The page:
Ernest P. Dussell, who was a lad of eleven when he came to this county with his parents, attended high school in Columbus until seventeen or eighteen years of age and subsequently learned the plumber's trade, working first with his father in Columbus and later in Lincoln, this state, for two years. On the expiration of that period he returned to Columbus and in 1892 went into partnership with his father as a member of the firm of A. Dussell & Son, which has since conducted an extensive and profitable enterprise, doing all kinds of plumbing and heating. Both are capable and energetic business men and the success which has attended the undertaking is well merited.



  On the 23d of August, 1893, in Columbus, Nebraska, Mr. Dussell was united in marriage to Miss Maude Mae McCray, a daughter of Robert McCray. They have one son, Francis Carrol, who was born March 26, 1895. Since age conferred upon him the right of franchise Mr. Dussell has supported the men and measures of the republican party and for one term he served as a member of the Columbus council. Fraternally he is identified with the Knights Templar Masons, the Independent Order of Odd Fellows and the Benevolent Protective Order of Elks. He is a public-spirited and progressive citizen and his worth is widely acknowledged.


  Farming interests of Humphrey township find a worthy representative in Conrad Fuchs, who is living on section 28 and is the owner of four hundred acres of arable and productive land, from which he annually gathers good crops. He was born in Austria, November 25, 1859, and is a son of Matthew and Rosalia (Steinbeck) Fuchs, who are mentioned in connection with the sketch of Ferdinand Fuchs on another page of this work. He spent his youthful days in his native country to the age of seven years, when he accompanied his parents on the voyage across the Atlantic to the new world in 1866, the family home being established in Wisconsin. It was in 1873 that they came to Platte county, Nebraska.

  Conrad Fuchs remained with his parents until he reached the age of twenty-four years, when he left home and began learning the carpenter's trade, at which he worked at intervals for three years. His father then gave him one hundred and twenty acres of land on section 28, Humphrey township, this county, and he resolutely set to work to develop and improve the property, which he has converted into one of the fine farms of the county. His success, however, has not been continuous. He suffered a heavy loss when he had a large barn, thirty-two by eighty feet, destroyed by fire, but he is now rebuilding. He has purchased more land from time to time until he is now the owner of four hundred acres, including two hundred and forty acres of the old home place on section 28, and one hundred and sixty acres on section 33, Humphrey township. He has operated this farm continuously for forty-two years with good results, and his place indicates his careful supervision. He keeps in touch with the improvements that are being continuously made in farm methods, practices rotation of crops and studies the nature of the soil in order to know what sections of his farm will produce certain kinds of grain to the best advantage. He likewise raises high grade stock and derives from that branch of his business a gratifying income. He is also a stockholder in the First National Bank and in the Farmers Elevator Company of Humphrey.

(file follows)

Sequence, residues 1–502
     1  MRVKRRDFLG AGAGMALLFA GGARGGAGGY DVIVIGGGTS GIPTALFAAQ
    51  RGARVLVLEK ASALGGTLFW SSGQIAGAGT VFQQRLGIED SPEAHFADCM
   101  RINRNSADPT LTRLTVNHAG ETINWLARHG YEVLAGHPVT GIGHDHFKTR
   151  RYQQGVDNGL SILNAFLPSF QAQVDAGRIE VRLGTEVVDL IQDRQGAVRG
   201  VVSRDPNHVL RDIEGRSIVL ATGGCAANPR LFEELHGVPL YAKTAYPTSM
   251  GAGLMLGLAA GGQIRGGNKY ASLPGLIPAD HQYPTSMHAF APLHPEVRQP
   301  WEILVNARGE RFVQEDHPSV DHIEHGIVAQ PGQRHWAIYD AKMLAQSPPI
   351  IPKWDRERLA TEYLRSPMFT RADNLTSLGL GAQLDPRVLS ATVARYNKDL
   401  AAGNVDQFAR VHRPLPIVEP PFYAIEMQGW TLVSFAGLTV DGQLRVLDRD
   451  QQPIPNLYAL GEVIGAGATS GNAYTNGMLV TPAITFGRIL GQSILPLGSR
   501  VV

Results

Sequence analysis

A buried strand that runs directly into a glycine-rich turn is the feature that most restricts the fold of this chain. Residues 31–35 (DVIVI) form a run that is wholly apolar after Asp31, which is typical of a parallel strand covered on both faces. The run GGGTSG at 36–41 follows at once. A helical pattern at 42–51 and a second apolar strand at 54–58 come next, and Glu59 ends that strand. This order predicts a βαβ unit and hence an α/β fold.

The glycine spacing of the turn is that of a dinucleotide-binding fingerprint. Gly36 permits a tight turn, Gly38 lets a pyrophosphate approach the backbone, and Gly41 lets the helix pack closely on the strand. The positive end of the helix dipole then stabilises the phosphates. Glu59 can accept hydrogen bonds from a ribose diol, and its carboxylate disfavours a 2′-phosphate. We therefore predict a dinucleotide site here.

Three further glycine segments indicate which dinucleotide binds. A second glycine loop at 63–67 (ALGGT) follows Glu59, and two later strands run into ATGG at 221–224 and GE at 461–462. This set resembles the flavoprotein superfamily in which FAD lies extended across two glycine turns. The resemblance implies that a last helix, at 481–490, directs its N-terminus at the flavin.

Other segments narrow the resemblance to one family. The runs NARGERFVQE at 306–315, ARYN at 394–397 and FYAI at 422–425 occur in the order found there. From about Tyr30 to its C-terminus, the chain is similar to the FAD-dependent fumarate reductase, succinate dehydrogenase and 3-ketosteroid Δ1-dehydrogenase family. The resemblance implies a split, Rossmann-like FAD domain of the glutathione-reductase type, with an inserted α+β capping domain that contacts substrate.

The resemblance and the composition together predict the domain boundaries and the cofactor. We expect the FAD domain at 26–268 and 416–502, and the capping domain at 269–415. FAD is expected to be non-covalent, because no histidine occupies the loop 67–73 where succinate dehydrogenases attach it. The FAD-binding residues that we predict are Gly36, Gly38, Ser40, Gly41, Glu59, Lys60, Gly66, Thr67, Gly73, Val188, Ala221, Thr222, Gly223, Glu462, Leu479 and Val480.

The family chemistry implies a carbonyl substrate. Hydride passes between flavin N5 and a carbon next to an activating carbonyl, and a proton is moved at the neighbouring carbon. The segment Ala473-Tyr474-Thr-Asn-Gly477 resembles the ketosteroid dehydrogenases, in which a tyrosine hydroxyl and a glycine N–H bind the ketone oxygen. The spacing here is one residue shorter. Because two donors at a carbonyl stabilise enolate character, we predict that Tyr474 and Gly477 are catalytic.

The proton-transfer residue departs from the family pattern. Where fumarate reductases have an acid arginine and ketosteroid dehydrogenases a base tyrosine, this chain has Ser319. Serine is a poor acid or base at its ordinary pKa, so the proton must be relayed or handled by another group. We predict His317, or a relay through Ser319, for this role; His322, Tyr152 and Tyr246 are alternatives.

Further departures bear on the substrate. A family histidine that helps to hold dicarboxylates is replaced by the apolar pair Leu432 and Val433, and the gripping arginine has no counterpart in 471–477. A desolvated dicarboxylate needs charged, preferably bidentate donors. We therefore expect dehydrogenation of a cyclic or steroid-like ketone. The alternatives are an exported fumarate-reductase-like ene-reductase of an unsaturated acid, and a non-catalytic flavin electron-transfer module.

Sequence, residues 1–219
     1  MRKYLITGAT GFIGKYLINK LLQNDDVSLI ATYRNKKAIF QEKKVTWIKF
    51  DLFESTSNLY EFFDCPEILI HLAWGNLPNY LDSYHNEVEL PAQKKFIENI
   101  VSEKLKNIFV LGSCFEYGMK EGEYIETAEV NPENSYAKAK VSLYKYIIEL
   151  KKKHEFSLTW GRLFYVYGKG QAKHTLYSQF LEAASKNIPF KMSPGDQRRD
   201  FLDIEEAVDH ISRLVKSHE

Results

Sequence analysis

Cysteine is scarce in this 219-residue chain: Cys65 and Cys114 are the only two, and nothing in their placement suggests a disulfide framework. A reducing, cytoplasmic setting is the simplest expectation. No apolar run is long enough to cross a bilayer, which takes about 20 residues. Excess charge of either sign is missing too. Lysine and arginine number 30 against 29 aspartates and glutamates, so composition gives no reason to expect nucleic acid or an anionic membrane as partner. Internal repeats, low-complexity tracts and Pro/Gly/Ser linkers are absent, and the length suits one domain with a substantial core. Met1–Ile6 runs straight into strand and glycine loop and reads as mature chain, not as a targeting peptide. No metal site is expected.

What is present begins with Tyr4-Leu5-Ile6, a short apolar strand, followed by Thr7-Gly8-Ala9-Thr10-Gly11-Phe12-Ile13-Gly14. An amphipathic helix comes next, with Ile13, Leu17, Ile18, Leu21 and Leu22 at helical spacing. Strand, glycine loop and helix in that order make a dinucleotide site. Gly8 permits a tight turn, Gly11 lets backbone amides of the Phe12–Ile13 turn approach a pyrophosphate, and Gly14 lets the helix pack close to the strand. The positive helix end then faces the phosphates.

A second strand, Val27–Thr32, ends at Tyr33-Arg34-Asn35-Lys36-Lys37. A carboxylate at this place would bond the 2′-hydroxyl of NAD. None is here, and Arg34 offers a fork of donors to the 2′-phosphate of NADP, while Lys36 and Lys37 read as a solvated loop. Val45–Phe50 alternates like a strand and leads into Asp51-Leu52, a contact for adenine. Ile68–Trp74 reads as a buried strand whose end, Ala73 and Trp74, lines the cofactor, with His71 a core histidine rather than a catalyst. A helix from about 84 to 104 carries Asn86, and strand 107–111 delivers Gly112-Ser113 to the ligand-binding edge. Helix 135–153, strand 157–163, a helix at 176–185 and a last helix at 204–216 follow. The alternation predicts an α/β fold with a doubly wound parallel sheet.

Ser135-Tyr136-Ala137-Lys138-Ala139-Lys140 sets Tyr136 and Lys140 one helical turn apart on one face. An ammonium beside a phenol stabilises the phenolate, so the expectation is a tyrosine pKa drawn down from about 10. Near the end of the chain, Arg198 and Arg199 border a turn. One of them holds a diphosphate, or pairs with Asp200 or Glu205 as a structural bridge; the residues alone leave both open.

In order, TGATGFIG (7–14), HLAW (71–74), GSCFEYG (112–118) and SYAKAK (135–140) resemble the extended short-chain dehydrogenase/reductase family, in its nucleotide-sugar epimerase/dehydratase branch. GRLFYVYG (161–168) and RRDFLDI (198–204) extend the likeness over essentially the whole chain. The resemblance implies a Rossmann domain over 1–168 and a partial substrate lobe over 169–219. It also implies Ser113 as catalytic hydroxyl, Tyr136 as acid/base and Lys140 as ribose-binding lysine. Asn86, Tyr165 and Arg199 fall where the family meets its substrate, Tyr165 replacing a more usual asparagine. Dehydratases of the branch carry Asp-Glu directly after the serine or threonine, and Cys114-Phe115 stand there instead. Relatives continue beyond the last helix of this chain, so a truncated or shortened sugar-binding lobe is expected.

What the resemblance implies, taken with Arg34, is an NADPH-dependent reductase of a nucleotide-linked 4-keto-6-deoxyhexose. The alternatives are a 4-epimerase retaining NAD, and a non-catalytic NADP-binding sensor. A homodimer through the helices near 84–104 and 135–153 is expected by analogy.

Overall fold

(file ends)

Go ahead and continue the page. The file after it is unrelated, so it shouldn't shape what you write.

On the 24th of June, 1884, Mr. Fuchs was united in marriage to Miss Cecelia Froemel, a daughter of Joseph and Cecelia (Schiebel) Froemel, both of whom were natives of Austria. They came to America in 1879, making their way to Platte county, and the father, who had previously followed farming in his native country, here purchased land, which he developed and improved until 1900, when he put aside the active work of the fields, but he still continued to make his home upon the farm until 1914, when he removed to Humphrey, where he has since resided. His wife also survives. Mr. and Mrs. Fuchs have become parents of



eleven children: Cecelia, who was born June 29, 1885, and is the wife of L. J. Veik, a farmer living in Grand Prairie township; Joseph 31., who was born March 31, 1887, and died November 12, 1902; Mary, who was born March 7, 1889; Clara, who was born August 11, 1891, and is now a Sister in a convent at Lafayette, Indiana; John, born July 23, 1893; Emil, born September 15, 1895; Magdalena, born May 26, 1898; Veronica, July 10, 1900; Matthew, who was born November 17, 1902, and died February 23, 1906; Regina, born May 16, 1905; and one child who died in infancy.